Innes Evans - Sound Designer

I’m the sound designer of the group. The main technique that I been looking into, which will distinguish our project from other space related films, is that we hope to design the sound to make it internally contained within the helmet of the protagonist. In doing so, the film will become more interactive, as the viewer may feel as though they are watching the film from inside the helmet, but will also allow great freedom in exploring otherworldly sounds. This technique will also contribute to smoother transitions, some of which will follow the direction of the sound.

Reg Hammett - art department

Alongside Paris, I am also working as art department on this film. Having worked within the art department previously on other projects, I am excited to implement what I have already learnt in order to try and create a visually successful sci-fi, as well as learning new skills along the way. Inspiration from other classic sci-fi's will help us to re-create a dystopian space setting, in which the protagonsit and audience alike, can find themselves immersed.

Our Story

We are recreating Niall's internal and external experience of being lost in space. Filled with regret, he remembers the day his father plunges into the depths of the ocean - never to resurface. By exploring the connection between father and son and man's inane desire for exploration we will look into what it means to transcend ourselves.

Using various analog methods such as miniature models, liquid light shows and inks to recreate the space scene, we will create a visual symphony of colour mimicking Niall's internal experience. We will also use an elaborate soundscape, using sounds from his body and past-the-harbour, to recreate his internal mechanisms.

You will have the opportunity to help a group of ambitious filmmakers create their final graduation film and have access to funding for this project to be realised.

Where will the money go?

If we reach our minimum target of £800, we will be able to start filming with the funding going to location and camera hire. If we reach our full target of £2,970, we will be able to afford a VFX artist, a professional space suit, as well as being able to afford better models and materials for the analogue shoot in the studio. The art department is incredibly important when it comes to maintaining the visual effects, and if the art department budget is too small, the film won't look as good as we have envisioned. The film is very technically and visually orientated, so any money to improve its aesthetic will be greatly appreciated!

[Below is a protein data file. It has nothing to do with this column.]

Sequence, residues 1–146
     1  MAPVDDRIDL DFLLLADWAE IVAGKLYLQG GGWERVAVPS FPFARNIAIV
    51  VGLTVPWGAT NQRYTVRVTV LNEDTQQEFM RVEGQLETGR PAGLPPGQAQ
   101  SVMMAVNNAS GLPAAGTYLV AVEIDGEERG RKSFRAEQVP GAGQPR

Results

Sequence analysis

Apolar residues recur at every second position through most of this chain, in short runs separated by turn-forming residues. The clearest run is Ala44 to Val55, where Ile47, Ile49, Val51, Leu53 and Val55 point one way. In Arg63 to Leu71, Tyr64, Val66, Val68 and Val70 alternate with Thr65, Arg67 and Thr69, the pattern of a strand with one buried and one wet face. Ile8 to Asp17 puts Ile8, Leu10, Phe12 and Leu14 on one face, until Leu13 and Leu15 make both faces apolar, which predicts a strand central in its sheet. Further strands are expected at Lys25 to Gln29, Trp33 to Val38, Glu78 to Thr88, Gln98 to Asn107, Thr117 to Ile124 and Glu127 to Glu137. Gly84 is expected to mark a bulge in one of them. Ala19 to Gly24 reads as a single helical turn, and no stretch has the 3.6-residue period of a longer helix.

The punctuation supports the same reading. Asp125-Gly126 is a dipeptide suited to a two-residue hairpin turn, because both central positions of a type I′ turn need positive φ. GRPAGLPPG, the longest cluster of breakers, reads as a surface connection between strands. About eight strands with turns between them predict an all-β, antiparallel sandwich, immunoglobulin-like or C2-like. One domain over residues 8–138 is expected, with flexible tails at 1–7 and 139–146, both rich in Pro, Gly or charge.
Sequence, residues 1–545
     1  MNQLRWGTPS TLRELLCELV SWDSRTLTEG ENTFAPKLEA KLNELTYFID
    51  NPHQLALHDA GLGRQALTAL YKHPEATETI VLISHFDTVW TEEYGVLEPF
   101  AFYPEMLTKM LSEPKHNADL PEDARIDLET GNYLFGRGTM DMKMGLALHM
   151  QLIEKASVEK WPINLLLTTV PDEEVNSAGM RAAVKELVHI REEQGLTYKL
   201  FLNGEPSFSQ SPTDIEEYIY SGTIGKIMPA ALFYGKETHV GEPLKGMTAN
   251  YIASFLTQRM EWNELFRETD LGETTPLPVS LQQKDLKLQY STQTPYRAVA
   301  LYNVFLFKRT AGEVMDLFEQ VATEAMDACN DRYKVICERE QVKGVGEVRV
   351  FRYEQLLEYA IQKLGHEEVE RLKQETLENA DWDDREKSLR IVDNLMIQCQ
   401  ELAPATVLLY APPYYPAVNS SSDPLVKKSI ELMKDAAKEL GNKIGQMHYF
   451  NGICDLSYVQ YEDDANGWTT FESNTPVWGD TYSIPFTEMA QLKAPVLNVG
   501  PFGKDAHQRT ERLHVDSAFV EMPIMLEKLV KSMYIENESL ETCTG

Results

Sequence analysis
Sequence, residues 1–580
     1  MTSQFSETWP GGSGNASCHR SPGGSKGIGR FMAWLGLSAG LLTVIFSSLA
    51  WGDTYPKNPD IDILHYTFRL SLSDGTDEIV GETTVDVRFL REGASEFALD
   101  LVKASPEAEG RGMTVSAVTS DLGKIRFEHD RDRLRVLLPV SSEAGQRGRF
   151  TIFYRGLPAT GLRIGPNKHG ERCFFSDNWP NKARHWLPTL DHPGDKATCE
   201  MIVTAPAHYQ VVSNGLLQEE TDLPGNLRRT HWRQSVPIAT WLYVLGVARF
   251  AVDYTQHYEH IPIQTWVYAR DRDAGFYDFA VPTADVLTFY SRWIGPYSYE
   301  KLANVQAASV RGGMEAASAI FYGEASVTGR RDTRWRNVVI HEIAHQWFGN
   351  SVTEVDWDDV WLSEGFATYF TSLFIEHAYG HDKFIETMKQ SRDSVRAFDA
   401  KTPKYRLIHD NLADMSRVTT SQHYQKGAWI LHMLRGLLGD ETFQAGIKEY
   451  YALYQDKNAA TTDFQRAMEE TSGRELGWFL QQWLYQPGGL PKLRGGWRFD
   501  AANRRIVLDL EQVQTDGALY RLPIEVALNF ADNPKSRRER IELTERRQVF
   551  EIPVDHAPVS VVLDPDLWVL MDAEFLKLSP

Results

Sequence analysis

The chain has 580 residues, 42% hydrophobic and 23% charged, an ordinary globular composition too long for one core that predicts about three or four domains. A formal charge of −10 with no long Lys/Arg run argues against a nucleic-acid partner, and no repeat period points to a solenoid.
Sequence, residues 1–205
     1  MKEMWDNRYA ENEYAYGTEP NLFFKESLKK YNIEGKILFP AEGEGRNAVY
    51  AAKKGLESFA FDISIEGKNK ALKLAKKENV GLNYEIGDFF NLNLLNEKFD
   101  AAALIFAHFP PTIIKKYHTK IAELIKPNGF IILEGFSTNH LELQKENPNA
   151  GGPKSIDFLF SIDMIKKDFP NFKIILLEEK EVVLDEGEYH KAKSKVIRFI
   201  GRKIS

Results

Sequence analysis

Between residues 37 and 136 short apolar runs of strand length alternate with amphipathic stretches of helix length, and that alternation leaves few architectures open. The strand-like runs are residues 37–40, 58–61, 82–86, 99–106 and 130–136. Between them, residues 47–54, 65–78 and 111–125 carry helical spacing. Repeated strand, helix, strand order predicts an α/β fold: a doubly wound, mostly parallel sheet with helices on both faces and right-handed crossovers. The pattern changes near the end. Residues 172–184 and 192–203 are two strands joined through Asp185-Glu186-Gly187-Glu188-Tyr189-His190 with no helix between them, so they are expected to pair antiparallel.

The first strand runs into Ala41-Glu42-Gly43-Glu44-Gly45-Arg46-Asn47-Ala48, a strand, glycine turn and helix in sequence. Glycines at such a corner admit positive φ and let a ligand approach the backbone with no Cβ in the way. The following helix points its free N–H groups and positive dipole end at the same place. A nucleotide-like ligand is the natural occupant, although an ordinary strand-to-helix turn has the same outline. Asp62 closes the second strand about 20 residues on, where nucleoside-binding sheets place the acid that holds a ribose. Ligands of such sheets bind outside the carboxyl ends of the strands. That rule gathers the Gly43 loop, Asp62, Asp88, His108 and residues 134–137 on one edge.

Breakdown of costs:


Boat hire: £450 (1 day).

Accomodation Hire for actors and crew: £220 (1 night)

Travel expenses (crew+actors): £200

Camera hire (2 nights @£100/night): £200

Food/refreshment (4 shoot dates): £200

VFX artist: £115

Composer: £100

Art Department

Model ship and paints: £55

Materials for planet projection/cosmos recreation (oil/water based inks, oils, 4x convex glass, fish tank, over head projector, paper mache materials, 1m wide beach ball, wire): £300

Psychedelic magnet/ferrofluid art: £80

Costume Hire: £350

Set Hire/paint/transportation: £250


Young Nial (2 days + travel expenses): £200

Astronaut Nial (3 days): £200

Father (3.5 days): £250

We will provide updates on how the project is developing every week.

Risks and challenges

All risks involved in the creation of this film come down to budget. We fully believe in the crew's ability, it's just a matter of having the resources necessary to reach the aesthetic we want. Funding will allow us students to demonstrate our full creative potential, so please help us realise this project together!


Please help us succeed by donating and sharing this project with anyone you think would support us – on Twitter, Facebook, LinkedIn, by email, telephone, in a chat over the fence or on your blog. In fact, share it with everyone you know as we think it's a great idea, and the more people who know about it, the more likely we are to make this work out brilliantly. And we know we said you don't need to give money to help us, but we'd love it if you did! Please sponsor us and help make this happen.